Everyone says that it is a “great growing year.” That means that the plants are doing fabulously… including weeds. We are way behind in our weeding. We lost a bed of carrots to the raging weeds, and we haven’t had time to thin (make room for the roots to grow) the beets or the carrots in at least a month. Bad news! Hopefully, we’ll get some more volunteers to help us with the hand-weeding jobs. As the season goes on, we have more and more and more to do.
Tomatoes, for example. Oh my goodness. Tomatoes. We grow some pretty incredible ones. Have you ever had a ground cherry? I tasted one for the first time last week. You harvest ground cherries once they’ve fallen to the ground in their papery sheaths that turn pale pink when ripe. You peel open the paper to reveal a cloudy-beige tomato that is about the size of a blueberry. To me, ground cherries taste like sherry and strawberries with a hint of rich red wine.
Aside from ground cherries, we are harvesting sungold cherry tomatoes, which are quite acidic, green tomatoes (unripe tomatoes for frying), and some other early tomato varieties. Soon we’ll have my favorite– heirloom tomatoes.
Another amazingly abundant crop of ours is, like tomatoes, in nightshade family: peppers. We have a bunch of different sweet pepper varieties, including green, pale yellow (which I personally think look like alien embryos), and get this– purple peppers! Here are some interesting pepper facts:
-Peppers are unrelated to the spice, black peppercorns. According to the all-knowing source of Wikipedia, Christopher Columbus named them “peppers” because some of them were spicy like black pepper.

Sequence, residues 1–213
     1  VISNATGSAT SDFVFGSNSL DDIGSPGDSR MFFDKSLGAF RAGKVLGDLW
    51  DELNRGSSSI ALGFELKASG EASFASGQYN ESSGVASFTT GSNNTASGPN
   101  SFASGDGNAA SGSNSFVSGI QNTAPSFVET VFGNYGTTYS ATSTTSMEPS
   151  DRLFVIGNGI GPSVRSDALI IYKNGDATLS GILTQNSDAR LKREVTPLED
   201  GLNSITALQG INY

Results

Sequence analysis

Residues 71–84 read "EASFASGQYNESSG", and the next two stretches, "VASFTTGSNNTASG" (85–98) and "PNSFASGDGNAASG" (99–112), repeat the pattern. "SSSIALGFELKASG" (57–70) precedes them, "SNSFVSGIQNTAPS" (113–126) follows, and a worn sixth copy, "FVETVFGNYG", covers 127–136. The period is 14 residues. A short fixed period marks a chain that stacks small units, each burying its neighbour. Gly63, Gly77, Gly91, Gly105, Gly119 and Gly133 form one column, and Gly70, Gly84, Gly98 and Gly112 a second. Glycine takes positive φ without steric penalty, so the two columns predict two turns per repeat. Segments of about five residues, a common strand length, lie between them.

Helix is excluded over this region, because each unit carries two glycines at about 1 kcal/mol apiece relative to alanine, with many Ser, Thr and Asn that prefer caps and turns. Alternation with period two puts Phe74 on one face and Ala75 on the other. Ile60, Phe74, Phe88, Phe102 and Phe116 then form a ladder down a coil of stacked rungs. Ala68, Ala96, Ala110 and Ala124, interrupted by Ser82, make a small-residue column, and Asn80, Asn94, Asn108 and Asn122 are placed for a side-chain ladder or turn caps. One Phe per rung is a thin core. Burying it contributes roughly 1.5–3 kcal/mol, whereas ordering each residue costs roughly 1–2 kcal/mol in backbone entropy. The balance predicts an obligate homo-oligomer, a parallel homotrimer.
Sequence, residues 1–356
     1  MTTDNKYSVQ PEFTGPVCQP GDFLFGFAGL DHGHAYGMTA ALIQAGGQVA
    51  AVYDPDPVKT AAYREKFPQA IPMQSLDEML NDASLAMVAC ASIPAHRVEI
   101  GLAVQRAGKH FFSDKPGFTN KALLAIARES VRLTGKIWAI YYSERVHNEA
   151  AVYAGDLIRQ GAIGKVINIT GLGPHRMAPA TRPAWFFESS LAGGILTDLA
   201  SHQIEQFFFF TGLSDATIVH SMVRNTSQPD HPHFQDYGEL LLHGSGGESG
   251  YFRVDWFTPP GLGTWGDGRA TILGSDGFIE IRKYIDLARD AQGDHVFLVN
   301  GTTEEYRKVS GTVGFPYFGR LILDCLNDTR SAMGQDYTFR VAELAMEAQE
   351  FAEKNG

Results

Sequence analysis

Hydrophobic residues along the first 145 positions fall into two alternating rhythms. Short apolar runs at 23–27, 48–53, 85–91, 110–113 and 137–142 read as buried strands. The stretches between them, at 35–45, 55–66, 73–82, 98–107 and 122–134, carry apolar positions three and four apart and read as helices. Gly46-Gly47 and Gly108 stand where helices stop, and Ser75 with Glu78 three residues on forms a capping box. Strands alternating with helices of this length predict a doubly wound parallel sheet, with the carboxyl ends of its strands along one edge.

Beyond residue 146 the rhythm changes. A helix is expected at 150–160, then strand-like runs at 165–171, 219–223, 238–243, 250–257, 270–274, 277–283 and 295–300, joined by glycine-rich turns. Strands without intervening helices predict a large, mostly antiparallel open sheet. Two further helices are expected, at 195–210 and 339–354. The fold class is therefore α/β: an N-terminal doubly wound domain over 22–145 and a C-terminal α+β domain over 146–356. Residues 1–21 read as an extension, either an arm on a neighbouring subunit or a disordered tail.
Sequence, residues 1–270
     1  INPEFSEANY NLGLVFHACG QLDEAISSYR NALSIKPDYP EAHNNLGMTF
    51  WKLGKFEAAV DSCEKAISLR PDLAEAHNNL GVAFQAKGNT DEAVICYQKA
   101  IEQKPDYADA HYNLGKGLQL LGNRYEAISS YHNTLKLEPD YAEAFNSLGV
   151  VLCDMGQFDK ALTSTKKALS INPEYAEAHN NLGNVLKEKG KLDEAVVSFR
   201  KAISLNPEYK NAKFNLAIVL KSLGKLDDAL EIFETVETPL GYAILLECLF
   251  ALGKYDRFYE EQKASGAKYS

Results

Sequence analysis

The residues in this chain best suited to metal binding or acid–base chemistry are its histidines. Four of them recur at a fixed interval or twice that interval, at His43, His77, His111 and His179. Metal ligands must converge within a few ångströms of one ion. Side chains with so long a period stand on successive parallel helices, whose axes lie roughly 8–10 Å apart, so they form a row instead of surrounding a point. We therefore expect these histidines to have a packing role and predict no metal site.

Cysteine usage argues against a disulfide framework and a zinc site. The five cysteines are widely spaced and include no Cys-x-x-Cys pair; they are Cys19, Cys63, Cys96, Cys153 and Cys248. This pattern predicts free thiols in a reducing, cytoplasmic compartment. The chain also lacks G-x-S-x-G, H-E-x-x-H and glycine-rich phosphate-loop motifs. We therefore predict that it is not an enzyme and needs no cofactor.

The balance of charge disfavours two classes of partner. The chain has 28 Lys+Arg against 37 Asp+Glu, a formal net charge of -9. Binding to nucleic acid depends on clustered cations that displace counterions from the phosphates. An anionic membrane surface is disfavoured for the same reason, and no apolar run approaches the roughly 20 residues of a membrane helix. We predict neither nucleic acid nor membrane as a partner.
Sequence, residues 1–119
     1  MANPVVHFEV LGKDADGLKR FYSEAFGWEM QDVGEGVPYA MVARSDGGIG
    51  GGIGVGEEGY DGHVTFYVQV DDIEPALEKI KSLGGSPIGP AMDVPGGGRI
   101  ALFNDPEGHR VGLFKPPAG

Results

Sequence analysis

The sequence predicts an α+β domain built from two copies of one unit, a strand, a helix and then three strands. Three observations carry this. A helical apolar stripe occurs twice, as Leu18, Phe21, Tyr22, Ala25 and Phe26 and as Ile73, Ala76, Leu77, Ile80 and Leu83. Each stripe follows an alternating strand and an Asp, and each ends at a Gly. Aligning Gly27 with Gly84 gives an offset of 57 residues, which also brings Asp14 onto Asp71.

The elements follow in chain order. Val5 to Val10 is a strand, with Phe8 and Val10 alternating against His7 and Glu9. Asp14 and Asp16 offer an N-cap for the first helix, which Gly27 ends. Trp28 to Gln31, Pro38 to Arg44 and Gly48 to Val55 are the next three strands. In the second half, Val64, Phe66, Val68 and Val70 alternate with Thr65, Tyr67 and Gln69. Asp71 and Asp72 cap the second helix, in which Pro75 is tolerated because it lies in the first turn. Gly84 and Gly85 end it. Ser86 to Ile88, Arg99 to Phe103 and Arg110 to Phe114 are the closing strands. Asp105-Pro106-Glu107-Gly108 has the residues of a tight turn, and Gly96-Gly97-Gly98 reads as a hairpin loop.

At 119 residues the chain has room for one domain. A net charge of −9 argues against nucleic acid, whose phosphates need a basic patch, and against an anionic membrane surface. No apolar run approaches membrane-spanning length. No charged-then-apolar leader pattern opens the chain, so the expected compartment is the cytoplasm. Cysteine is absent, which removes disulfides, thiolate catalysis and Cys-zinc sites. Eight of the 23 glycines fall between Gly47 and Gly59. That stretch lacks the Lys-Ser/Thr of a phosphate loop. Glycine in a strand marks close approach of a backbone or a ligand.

-Sweet peppers are a “cultivar group” of the hot pepper family– meaning they did not occur naturally in the wild before they were cultivated by people.
-Often, red and yellow peppers are just ripe versions of green peppers. The more you let the pepper ripen on the plant, the more they will change color. Some of our green peppers, if left too long, turn bright red.
-Other members of the nightshade family aside from peppers and tomatoes include potatoes, tobacco, petunias, eggplant, and poisonous plants like mandrake and belladonna (eating just several belladonna berries can kill a child).
We had an incredible potluck the other day at work. One of my coworkers made stuffed peppers– yum! She stuffed them with potatoes that had been lightly boiled and sauteed with onion in olive oil. Then she put them in the broiler so that the peppers softened and the tops of the potatoes became crispy. Add wild rice and cashews to the potato mixture to make the meal completely nutritional.
Thanks for reading, as always. Your support and enthusiasm go with me into the field and encourage me as I (barely) lift 75 pound boxes of potatoes and get up at 5 am on Saturdays for market. Keep the questions and comments coming!